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  • Matt Esposito

Will Kemba Walker’s Arrival Impact Jayson Tatum and Jaylen Brown’s Development?

The Undefeated

A couple of week ago, John Karalis of the Locked on Celtics podcast pondered the ramifications of a possible Kemba Walker addition. Would Walker impinge upon the pick and roll opportunities many Boston fans want Jayson Tatum to gain experience in? Would he solidify Jaylen Brown’ role as a hyper-athletic 3 & D wing? Or, does Celtic brass envision Brown becoming more of a shot-creator and if so, can he improve that skill alongside Walker?

Fortunately, nerds like me can attempt to solve this problem. Better yet, I can try and project how the season will play out and determine if growth opportunities await this talented duo. But how can I accomplish this goal?

For their own improvement, Tatum and Brown will need a higher usage rate (USG%.) This means that they will need more chances at either scoring the ball or getting to the line. The logic is simple. For Tatum to development as a pick and roll ballhandler, or for Brown to practice his shot-creation skill set, both of these players will need to see an uptick scoring opportunities.

Last season, Jaylen had a USG% of 22.1. This means that while Brown was on the floor, 22.1 percent of the teams plays resulted in him either shooting the ball, turning it over, or earning free throws. Considering Brown moved to the second unit during November of last season, this indicates that he was a focal point of that unit.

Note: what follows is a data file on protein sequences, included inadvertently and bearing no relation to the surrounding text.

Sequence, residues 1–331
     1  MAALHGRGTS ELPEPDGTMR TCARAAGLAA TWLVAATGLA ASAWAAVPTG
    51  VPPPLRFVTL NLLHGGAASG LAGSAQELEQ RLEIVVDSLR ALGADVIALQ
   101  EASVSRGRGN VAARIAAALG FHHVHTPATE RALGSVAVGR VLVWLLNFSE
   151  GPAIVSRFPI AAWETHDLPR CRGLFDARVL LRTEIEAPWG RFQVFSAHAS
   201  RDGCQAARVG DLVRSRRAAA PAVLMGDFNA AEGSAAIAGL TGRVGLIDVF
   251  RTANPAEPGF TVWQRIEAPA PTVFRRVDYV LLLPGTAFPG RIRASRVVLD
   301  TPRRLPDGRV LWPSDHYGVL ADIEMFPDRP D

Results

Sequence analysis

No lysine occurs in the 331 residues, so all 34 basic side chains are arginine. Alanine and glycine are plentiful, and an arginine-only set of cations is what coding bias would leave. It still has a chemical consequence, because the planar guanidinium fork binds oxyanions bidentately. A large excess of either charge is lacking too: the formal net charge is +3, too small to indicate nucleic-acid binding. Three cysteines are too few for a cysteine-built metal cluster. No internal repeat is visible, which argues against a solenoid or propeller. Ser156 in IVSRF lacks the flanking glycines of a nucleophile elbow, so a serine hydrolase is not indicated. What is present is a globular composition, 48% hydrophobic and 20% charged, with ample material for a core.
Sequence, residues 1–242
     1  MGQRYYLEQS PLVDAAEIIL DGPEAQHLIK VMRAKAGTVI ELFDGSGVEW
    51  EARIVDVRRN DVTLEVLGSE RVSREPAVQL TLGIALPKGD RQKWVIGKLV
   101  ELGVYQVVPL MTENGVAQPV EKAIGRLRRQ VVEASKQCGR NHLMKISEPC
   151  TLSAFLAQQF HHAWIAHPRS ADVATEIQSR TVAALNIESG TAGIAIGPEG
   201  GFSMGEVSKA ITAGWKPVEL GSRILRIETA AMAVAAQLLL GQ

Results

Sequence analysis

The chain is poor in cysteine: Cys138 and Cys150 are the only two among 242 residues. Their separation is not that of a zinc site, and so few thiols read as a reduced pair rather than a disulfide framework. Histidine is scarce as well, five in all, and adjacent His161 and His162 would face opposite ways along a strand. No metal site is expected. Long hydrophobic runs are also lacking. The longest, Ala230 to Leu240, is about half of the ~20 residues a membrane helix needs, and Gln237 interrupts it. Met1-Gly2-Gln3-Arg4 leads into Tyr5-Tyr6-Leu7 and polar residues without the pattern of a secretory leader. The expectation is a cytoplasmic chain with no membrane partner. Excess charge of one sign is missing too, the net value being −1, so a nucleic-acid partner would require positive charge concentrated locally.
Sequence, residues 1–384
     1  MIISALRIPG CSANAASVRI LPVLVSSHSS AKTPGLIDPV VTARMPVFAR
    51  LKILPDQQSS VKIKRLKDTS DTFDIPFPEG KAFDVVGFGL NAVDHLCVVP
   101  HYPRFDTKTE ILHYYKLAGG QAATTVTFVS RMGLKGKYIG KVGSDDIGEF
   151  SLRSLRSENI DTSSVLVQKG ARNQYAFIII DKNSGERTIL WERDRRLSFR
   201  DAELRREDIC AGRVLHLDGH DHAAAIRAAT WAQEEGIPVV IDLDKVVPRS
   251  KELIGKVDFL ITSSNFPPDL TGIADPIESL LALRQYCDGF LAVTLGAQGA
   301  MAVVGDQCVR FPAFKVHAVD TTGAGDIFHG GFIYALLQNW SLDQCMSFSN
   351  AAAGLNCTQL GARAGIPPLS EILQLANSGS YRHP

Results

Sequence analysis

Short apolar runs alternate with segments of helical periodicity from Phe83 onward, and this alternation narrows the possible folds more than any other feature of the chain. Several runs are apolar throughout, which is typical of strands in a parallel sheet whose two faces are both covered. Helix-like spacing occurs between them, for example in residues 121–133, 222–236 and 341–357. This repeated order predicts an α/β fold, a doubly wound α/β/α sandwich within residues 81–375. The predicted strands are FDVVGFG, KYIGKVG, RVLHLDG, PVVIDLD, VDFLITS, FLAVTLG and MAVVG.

Tatum’s USG% was identical to Brown’s. For all intents and purposes, Brown and Tatum finished tied for the second highest USG% on the team last year, behind Kyrie Irving. While many believe Tatum stagnated in his growth, Brown saw a resurgence in the second half of the year and restored belief in his star potential.

Why am I focusing on USG% this much? I decided to research the percentages of some All-Star players with comparable build or skill set to Brown and Tatum. I found each of their respective USG%s of their first nominal year of All-Star play. Additionally, I gathered the USG% of their respective point guards during that time. Hopefully, we can pinpoint an ideal USG% for both Brown and Tatum to target in order for them to reach their lofty ceilings.

The players researched: Kawhi Leonard and Tony Parker, DeMar DeRozan and Kyle Lowry, Paul George and George Hill, Jimmy Butler and Derrick Rose. The results are below.

Upon first glance, there is a trend. For three of these pairings, the forward/wing All-Star posted a USG% above the 22.1 mark that both Brown and Tatum hit last year. What about Butler? Although he was named an All-Star in 2014-15, he became the caliber of player we currently know him as during his following seasons. His USG% has been significantly higher since; a trend common among his peers.

PG13 has averaged a USG% of 28.6 since his first All-Star birth. Leonard has averaged a rate of 30.7 since then, Butler a rate of 24.6 and DeRozan a rate of 30.1. The trend becomes clearer. For Brown or Tatum to develop into All-Star talents – something many believe to be achievable –they must have a USG% of at least 25.0. But, is this possible given the makeup of the Celtics roster?

Last season Walker had a USG% of 31.5 and has never dipped below 25.2 for his entire career. It is fair to assume he will remain at or above that number. Let’s theorize for a moment and suggest that Danny Ainge and Brad Stevens want Tatum and Brown to reach that 25.0 mark as well. Is this feasible? Did any team last year have three mainstay players who put up a USG% of at least 25.0?